Transcription Center News

The Latest News

What's happening lately at the Smithsonian Transcription Center?

Read more news below about the projects, volunteers, and Transcription Center activity that occurred around the world in December 2016.

Checking in on December 2016

The final month of 2016 was a busy time! In December, we welcomed 55 new volunteers to our vibrant cohort. Be sure to wave at new pals! Together, we saw 4,923 pages pass the complete mark and head for Smithsonian staff approval. December also saw 44 projects tied with a bow. As mid-January, we have completed a cumulative 1,814 projects!

Over the two months, we hosted over 5,500 visits from around the world; visitors stopped in from Germany, India, New Zealand, Israel, Canada, Japan, and Portugal. On average, visiting volunteers explored 10 pages and shared over 14 minutes of their time with us. In one month, TC visitors logged over 60,000 unique pageviews.

We continue to welcome new volunteers and are as grateful as ever for your help. We are happy to support these visitors - and you! - in efforts to make Smithsonian collections more accessible. From improving searches associated with history and art objects to adding metadata to biodiversity specimens records, we are so excited to have you with us and letting us know how we can help you make access to collections even better.

Stories from the Collections

The Freedmen's Bureau Papers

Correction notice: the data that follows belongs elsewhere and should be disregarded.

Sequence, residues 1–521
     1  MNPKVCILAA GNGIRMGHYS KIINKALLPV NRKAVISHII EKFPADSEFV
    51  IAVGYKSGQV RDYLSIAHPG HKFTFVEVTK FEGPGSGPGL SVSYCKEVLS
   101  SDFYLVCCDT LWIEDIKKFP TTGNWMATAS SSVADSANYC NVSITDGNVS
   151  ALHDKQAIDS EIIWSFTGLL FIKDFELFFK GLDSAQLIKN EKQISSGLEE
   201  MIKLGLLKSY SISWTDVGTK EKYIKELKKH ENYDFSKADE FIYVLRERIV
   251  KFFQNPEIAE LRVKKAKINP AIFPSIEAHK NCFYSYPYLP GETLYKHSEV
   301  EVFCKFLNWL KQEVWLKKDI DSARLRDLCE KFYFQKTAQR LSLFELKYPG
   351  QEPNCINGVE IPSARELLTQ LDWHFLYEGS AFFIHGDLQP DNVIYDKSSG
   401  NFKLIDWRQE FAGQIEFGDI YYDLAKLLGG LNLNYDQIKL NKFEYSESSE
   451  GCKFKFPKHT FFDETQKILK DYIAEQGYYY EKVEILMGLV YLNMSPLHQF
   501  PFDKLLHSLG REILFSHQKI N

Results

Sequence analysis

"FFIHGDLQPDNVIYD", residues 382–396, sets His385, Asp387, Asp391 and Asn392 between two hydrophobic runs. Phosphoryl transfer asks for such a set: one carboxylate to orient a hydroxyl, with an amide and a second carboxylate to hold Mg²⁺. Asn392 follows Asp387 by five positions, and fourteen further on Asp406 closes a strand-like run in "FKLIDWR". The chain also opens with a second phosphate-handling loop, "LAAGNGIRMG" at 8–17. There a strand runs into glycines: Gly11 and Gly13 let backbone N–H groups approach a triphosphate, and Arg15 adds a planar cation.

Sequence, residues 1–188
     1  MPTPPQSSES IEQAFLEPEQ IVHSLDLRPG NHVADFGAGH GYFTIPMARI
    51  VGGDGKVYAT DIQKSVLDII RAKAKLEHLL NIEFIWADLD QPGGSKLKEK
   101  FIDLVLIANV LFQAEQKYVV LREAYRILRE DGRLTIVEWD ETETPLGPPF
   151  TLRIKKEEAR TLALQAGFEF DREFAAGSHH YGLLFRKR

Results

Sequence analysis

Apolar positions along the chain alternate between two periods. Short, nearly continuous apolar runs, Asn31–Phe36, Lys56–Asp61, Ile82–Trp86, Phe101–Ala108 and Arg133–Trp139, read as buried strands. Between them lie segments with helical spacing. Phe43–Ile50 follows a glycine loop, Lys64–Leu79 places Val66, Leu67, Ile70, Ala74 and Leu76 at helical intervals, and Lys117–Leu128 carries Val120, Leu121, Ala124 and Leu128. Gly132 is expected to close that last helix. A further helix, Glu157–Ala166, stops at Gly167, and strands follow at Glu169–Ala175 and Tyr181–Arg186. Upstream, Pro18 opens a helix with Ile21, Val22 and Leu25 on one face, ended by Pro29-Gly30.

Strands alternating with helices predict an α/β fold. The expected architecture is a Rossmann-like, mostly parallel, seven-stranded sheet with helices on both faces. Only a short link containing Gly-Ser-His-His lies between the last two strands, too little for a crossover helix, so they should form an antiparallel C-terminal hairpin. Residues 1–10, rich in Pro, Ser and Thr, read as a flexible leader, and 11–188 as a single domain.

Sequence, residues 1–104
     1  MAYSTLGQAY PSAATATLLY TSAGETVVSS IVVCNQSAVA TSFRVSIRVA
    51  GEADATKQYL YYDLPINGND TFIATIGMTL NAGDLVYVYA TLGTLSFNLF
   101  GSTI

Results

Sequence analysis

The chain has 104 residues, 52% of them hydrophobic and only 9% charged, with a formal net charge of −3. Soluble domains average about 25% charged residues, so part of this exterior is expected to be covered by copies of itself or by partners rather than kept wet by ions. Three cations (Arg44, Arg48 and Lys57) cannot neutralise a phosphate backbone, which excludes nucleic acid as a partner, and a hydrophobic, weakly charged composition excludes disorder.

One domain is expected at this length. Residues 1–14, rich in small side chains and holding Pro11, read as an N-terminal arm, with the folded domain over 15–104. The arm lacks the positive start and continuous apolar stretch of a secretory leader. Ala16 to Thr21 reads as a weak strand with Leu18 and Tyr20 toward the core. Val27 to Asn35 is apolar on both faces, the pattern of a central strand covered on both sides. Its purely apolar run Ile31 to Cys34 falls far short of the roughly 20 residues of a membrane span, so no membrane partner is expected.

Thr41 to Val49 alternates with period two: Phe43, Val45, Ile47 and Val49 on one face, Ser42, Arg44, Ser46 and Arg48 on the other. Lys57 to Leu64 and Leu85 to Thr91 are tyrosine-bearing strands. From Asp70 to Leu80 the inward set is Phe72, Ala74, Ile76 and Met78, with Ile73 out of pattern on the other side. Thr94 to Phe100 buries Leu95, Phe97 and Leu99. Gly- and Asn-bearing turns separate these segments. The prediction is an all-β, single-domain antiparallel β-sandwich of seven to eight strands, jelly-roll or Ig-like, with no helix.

The National Museum of African American History and Culture has recently launched the Freedmen's Bureau Papers, starting with Bureau offices in North Carolina.

The Bureau of Refugees, Freemen, and Abandoned Lands, often referred to as the Freedmen's Bureau, was established on March 3, 1865. The duties of the Freedmen's Bureau included supervision of all affairs relating to refugees, freedmen, and the custody of abandoned lands and property.

Please explore in more detail the Freedmen's Bureau's history and the ways the public is helping historical and genealogical research at this overview from the National Museum of African American History and Culture.

Charles Francis Hall: Hunting the Terror

Recently, the HMS Terror--lost as part of the Franklin Expedition in 1848 and part of the focus of Charles Francis Hall's expeditions to Greenland--was discovered against along the coast of King William Island in the Canadian Arctic Archipelago. Did you know that the HMS Terror has connections to events and objects at the National Museum of American History? Or that we can find some of Hall's references to the ship and its pair the HMS Erebus thanks to the efforts of volunteers like you? Learn more in our storify story: H.M.S. Terror Discovered: Charles Francis Hall's Pursuit through Time.

Then, join us to transcribe Hall's notes here.

Monthly Updates

Explore our monthly accomplishments, such as these updates for

    Join Us!

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    This project is a product of many many passionate, creative, and dedicated individuals who have contributed subject matter expertise, technical solutions, content and design, and much more. We can continue to improve through your feedback.